“It’s not our job to own and operate computers. We are a train company,” said Eurostar CIO Antoine de Kerviler while talking to V3.
And not just any train company. Eurostar is one of the most unique transport firms in the world, operating a service that not only crosses three borders between the UK, France and Belgium, but travels under 24 miles of the English Channel, or La Manche, depending on your world view.
With such a unique operating environment de Kerviler has the vital job of ensuring that the right mix of technology is used to deliver on Eurostar's promise of “providing the best travel experience possible”.
Heading into the clouds
To do this de Kerviler has focused on moving as much of the company’s IT to the cloud as is feasible, and reducing hardware ownership whenever possible, allowing Eurostar to operate in a more flexible and efficient way.
“There are better ways to spend our time and energy than thinking about optimising email servers, and the same goes for file sharing, print services and so on. It does not generate value for customers, so the more we can outsource that and provision it in a different way, the better,” he explained.
“It’s more secure, more efficient, greener, faster and so on. We are better off in the cloud, so we are moving quite steadily.”
Eurostar has embraced tools such as Okta for identity and access management, Salesforce and Remedyforce for IT service management, and AWS and Microsoft Azure for hosting staff and customer-facing web tools.
Another notable cloud move last year involved a major switch to Box for cloud storage and collaboration in a 1,600-seat deal.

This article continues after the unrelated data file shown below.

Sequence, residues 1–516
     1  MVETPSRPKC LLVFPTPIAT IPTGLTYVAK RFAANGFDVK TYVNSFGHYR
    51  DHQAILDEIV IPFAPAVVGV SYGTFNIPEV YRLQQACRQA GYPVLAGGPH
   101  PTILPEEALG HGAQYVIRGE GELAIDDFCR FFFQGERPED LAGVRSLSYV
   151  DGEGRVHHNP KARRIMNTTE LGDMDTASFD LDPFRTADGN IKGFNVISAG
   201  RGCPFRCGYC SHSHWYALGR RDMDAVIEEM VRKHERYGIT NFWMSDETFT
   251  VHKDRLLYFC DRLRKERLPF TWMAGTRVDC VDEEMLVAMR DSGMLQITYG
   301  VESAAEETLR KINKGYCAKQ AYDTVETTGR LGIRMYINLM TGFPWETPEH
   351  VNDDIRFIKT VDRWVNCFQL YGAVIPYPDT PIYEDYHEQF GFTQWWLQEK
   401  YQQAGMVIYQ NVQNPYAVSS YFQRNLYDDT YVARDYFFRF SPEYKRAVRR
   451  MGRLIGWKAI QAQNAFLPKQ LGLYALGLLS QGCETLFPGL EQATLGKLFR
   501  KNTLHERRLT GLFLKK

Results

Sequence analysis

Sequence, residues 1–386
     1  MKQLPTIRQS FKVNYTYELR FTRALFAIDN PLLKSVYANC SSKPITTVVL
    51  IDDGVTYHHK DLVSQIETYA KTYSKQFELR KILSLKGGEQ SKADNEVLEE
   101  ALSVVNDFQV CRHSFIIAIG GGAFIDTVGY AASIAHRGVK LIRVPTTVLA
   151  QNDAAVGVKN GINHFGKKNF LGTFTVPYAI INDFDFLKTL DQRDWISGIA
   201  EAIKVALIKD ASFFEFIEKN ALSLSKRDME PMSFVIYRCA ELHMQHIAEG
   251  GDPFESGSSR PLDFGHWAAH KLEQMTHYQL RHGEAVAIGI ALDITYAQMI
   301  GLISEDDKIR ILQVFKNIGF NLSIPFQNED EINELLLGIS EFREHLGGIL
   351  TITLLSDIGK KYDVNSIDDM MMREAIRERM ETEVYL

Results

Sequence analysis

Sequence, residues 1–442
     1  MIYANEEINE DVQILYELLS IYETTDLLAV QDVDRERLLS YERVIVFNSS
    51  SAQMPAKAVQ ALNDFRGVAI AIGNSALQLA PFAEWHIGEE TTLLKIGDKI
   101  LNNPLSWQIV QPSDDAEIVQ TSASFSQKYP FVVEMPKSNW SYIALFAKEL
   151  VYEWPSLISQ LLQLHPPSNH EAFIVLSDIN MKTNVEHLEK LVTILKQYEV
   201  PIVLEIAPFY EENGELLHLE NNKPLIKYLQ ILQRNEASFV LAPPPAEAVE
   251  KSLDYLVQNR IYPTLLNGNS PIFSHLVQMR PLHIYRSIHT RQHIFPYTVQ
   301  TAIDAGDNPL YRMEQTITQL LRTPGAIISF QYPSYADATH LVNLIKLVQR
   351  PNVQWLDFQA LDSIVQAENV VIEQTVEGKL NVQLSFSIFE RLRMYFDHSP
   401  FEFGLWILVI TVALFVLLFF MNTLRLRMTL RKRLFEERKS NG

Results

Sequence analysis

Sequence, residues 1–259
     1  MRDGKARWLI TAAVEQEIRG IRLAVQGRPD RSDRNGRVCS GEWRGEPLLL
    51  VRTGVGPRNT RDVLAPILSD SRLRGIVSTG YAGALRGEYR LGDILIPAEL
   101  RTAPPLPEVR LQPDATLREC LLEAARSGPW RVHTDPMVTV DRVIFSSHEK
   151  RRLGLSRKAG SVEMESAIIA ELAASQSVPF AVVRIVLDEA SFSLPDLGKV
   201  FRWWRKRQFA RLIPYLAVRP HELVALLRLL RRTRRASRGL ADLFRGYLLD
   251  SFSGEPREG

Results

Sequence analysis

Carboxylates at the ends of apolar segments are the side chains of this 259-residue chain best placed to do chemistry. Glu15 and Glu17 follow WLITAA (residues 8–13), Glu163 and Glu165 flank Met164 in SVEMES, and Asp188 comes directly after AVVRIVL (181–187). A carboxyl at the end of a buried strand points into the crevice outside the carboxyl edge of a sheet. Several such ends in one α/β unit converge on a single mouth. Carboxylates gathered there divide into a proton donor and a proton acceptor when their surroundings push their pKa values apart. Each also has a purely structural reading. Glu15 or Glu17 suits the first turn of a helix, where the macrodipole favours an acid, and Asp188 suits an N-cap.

De Kerviler explained that this solved several problems for the company by weaning staff off consumer services like Dropbox or WeTransfer, and creating a more efficient process for sharing documents and information.
“People find [Box] convenient as it means they have original documents at all times. There’s no wasted time at the start of meetings checking if everyone has most recent version of the document," he said.
"And, because most people have mobile devices, tablets and so forth, they can access documents on their mobile devices and PCs as well.”
Complementing this push to the cloud is Eurostar’s effort to mobilise the workforce by providing key staff, such as train drivers and train managers, with iPhones and iPads so they can access information on-the-go, hosted in the cloud, rather than having to carry reams of documents everywhere.
“Everything was done on paper for years because that’s how it always was. But paper is expensive and very heavy as you have to carry kilos of documentation. It’s much more efficient to do it on a mobile device, and you can use it for lots of other tasks too,” he said.
De Kerviler explained that train staff have welcomed the change as they were already carrying mobile devices to access information such as journey manifests containing passenger information, so it made sense to move all information to a mobile device.